Valley dropped into the all-important semi-final against Saskatchewan as a result of their loss, and the Sunday morning game would decide the final 19U berth at the National Finals. Saskatchewan may have played their game of the year in the semi-final, as their defensive pressure was suffocating, and their goaltending top notch. After a scoreless first period, Saskatchewan would tally five goals in the 2nd without surrendering a goal against. Valley would get on the board in the 3rd quarter, but five more Sask goals gave them in insurmountable lead entering the fourth quarter. The win moved Sask into the gold medal game against Pacific Storm. Storm had only lost one game on the year, and that was to the Eastern Champion from CAMO. With Saskatchewan having played that morning against Fraser Valley, it seemed to be a tall task to also knock off Pacific Storm in the same day. Somehow, Sask may have played even better in the 2nd game. One again the goaltending and defence from Saskatchewan was outstanding, and while Viktoria Orlova was able to score five for Storm, Devyn Smith answered with 6 for Sask. Smith in fact scored 5 of 6 goals straight for Saskatchewan and turned a 3-2 deficit into an 8-5 lead Sask wouldn’t relinquish. Many coaches will talk about the importance of having a team peak at the right time, and on Sunday, the Saskatchewan women certainly had one of those days. As a result, the Western Championship is headed out the prairies.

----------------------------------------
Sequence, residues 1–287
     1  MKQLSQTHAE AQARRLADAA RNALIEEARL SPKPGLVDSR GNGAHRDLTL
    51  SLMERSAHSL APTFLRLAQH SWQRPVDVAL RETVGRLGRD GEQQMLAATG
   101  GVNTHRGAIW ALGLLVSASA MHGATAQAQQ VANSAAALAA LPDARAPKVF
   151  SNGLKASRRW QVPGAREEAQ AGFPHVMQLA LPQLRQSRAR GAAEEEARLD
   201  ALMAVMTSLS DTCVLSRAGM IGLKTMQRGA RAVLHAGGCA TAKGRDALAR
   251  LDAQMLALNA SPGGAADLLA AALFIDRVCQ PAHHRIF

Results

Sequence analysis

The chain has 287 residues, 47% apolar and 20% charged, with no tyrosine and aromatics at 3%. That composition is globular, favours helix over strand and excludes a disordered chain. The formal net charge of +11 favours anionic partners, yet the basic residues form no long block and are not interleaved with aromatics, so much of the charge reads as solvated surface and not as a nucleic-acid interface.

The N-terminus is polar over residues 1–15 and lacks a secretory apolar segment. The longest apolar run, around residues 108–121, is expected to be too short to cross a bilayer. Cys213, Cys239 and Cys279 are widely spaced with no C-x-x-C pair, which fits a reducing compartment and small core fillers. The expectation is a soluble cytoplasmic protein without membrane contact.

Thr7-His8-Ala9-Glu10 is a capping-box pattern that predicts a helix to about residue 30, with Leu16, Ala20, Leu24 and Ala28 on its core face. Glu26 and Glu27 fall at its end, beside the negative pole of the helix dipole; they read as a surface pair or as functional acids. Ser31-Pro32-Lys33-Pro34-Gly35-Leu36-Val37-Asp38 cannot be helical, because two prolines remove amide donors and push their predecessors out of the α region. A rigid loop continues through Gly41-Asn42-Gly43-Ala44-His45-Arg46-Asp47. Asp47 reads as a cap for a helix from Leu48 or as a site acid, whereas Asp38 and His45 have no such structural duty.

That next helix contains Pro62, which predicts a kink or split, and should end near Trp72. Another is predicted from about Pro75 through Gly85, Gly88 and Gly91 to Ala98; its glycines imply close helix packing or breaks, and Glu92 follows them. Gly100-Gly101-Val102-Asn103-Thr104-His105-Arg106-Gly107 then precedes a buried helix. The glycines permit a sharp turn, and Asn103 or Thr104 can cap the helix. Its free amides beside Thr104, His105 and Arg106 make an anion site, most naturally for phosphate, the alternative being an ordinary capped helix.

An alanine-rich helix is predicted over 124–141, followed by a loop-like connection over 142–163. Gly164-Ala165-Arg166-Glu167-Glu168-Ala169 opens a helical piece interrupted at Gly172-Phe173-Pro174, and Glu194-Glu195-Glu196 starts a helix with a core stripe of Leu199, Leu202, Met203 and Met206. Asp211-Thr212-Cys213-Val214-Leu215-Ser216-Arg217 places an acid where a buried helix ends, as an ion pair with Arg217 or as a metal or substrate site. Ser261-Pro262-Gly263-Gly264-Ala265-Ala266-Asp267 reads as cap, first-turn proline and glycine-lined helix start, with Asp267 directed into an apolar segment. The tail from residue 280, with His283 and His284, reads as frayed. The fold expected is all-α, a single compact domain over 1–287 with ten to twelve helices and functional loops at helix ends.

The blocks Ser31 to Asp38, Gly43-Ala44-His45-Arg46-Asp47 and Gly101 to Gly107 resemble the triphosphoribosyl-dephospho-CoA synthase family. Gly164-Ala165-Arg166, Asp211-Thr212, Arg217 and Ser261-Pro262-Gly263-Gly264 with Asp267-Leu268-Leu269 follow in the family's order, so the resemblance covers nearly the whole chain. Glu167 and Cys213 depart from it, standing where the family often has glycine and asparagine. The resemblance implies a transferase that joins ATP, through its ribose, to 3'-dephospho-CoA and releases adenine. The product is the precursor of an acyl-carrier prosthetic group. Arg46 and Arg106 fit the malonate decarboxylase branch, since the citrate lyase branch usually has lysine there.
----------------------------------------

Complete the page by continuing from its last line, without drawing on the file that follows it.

Final Results

Women’s

1st – Saskatchewan
2nd – Pacific Storm
3rd – Fraser Valley
4th – Edmonton Tsunami

Men’s

1st – Pacific Storm
2nd – Calgary Torpedoes
3rd – Fraser Valley
4th – Calgary Wild
5th – Saskatchewan
6th – Edmonton Tsunami